Some tips on the proper use of images for your content and social media.

An essential part of good quality content is the image. And it is important whether the content if for a blog, website or for social media.

However, we continue to notice that many people use images they find via Google image search. This could get you in to serious trouble!

There has been a great deal in the news about successful cases where companies have sued for compensation when their images were used, without permission, for commercial purposes.

It is a myth that all images available on Google are available to be used for free. This is just not true, and if you choose ANY image to promote your company, brand or a product or service in any way, you must have the legal right to use that image.

Here is our advice on using images from the internet –

Spend time educating yourself about copyright law, and find out exactly what a copyright free image is.

Identify the best sources of free images that you can use for all your content needs.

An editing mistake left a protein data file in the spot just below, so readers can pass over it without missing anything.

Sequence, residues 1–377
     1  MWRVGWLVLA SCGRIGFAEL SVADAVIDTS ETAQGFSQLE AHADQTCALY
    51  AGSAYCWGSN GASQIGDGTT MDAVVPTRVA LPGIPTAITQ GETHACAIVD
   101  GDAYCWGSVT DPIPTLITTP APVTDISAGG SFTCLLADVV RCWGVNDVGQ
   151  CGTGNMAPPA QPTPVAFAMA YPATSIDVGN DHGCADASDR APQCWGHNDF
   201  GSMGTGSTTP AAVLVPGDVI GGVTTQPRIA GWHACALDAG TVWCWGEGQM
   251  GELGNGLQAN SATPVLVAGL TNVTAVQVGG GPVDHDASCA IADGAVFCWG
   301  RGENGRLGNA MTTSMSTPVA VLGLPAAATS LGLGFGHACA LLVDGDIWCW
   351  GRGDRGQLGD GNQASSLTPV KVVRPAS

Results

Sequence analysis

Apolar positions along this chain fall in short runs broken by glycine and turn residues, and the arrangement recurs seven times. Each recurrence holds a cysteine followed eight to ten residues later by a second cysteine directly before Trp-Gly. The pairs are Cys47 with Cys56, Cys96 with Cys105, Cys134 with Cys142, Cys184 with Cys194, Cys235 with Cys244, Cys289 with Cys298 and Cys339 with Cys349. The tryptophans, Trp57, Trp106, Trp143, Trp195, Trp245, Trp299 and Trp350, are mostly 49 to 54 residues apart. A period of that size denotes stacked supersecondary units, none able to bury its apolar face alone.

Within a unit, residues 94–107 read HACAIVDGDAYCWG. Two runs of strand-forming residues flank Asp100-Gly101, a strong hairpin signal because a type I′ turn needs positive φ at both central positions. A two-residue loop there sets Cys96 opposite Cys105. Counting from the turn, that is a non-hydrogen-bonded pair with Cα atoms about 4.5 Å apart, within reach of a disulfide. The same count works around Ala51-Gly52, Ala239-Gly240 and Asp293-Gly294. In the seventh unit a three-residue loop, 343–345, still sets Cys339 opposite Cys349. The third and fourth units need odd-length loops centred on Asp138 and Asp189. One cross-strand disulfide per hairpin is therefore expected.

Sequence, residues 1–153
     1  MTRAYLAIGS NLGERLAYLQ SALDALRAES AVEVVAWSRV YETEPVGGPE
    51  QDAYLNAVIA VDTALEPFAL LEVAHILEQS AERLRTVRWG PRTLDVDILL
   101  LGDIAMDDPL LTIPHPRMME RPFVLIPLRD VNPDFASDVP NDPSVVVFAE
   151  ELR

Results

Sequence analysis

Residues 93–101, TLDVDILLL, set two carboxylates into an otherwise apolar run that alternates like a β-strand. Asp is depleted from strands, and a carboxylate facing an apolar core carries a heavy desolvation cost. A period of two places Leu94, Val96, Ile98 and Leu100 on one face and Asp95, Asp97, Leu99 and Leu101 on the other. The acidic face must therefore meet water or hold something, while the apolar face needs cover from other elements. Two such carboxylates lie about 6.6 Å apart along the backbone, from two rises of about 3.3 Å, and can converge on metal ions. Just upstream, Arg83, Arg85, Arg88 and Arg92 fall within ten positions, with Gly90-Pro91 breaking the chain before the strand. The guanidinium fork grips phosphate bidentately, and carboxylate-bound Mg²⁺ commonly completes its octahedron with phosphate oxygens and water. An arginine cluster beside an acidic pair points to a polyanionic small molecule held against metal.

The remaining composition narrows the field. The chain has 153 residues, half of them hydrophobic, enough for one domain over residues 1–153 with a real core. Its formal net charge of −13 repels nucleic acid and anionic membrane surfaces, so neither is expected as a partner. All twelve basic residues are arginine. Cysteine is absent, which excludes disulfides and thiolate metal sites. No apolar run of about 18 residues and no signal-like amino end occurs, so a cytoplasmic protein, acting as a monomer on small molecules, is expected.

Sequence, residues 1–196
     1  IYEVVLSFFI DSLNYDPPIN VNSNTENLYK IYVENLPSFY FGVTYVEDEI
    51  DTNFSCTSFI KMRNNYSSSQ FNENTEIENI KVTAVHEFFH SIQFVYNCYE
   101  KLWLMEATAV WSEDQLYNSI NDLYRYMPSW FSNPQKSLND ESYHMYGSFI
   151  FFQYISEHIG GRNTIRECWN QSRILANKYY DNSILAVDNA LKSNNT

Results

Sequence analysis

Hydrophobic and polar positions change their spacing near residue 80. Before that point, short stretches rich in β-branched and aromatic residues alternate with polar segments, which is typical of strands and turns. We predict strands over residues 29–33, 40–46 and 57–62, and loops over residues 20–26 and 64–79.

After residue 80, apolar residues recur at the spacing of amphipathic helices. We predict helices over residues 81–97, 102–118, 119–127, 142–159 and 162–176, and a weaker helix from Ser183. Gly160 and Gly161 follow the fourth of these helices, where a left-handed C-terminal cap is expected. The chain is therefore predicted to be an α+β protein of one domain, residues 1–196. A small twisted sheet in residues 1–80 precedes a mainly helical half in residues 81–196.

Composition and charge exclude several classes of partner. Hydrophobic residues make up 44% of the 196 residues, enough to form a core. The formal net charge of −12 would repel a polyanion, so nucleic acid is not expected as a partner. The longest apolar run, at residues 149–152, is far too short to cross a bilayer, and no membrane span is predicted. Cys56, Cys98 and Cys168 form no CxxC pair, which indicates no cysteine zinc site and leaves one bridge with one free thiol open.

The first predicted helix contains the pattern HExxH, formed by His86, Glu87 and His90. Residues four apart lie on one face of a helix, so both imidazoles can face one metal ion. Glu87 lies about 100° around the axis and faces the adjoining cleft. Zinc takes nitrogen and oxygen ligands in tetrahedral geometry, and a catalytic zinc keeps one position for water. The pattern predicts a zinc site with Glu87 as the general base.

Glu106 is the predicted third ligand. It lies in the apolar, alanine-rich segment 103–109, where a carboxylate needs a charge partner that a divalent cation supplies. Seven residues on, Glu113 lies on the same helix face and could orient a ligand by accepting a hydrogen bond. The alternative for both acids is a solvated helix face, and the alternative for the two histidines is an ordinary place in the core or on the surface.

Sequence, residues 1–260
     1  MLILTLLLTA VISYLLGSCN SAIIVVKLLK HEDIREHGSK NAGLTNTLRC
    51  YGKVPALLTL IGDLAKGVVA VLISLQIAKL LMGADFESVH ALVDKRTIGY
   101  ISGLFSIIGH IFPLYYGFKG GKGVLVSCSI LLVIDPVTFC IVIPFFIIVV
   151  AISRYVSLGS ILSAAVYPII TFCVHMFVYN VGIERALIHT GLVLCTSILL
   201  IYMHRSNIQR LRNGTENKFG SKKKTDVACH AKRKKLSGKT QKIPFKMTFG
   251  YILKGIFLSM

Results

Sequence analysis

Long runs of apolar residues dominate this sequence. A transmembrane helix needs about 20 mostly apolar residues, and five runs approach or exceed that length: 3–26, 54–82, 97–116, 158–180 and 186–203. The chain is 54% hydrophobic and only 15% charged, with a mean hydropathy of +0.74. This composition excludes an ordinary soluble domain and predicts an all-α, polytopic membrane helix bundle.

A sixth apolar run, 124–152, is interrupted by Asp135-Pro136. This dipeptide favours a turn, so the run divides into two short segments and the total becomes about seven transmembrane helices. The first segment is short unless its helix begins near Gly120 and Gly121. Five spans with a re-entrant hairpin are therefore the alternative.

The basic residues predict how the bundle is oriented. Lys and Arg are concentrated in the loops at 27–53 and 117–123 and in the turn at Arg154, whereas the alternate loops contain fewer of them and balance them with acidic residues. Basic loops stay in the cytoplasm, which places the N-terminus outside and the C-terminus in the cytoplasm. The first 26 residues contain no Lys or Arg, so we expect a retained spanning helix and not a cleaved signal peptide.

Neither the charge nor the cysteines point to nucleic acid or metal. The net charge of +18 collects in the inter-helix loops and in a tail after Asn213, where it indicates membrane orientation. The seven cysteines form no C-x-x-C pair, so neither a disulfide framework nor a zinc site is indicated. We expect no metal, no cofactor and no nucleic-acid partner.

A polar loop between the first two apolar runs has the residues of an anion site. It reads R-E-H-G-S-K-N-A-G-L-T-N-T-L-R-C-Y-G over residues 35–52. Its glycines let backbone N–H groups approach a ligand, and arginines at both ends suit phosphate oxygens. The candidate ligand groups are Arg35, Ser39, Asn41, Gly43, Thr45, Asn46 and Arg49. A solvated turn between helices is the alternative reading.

Invest in your own set of brand photography and graphic images. This is the safest way to ensure you are not infringing copyright. You should also ensure that your own images are not used without permission by anyone else.

Google images are not copyright free images! Even if you google a search like ‘free images, cars’ you must make certain it is free. You can do this by tracking the source of the image. When in doubt, ask for permission, and expect to pay for it.

Be particularly careful with images taken from other social media posts. An individual can post anything but as soon as it becomes commercial then things get complicated.

Changing a picture slightly on Photoshop does not necessarily render it free to use, this can still be regarded as an infringement.

Buying images from a stock photo supplier is a safe option. Keep well filed records of the images you pay for and the use permitted. Again, this is an area where trouble could arise. Paying for the right to use the image once on your website does not mean you can use it over again and in any way, all over all your various platforms. This is another mistake some companies have made and had to pay dearly for.

Check all the images currently on your website, blog and Facebook pages. If you are sharing someone else’s content, you do not need to worry. If the content is yours however, and the image is used to promote your company, a product, or a service, and the content in any way generates commercial revenue, you must make sure you have the photographer’s appropriate permission for use.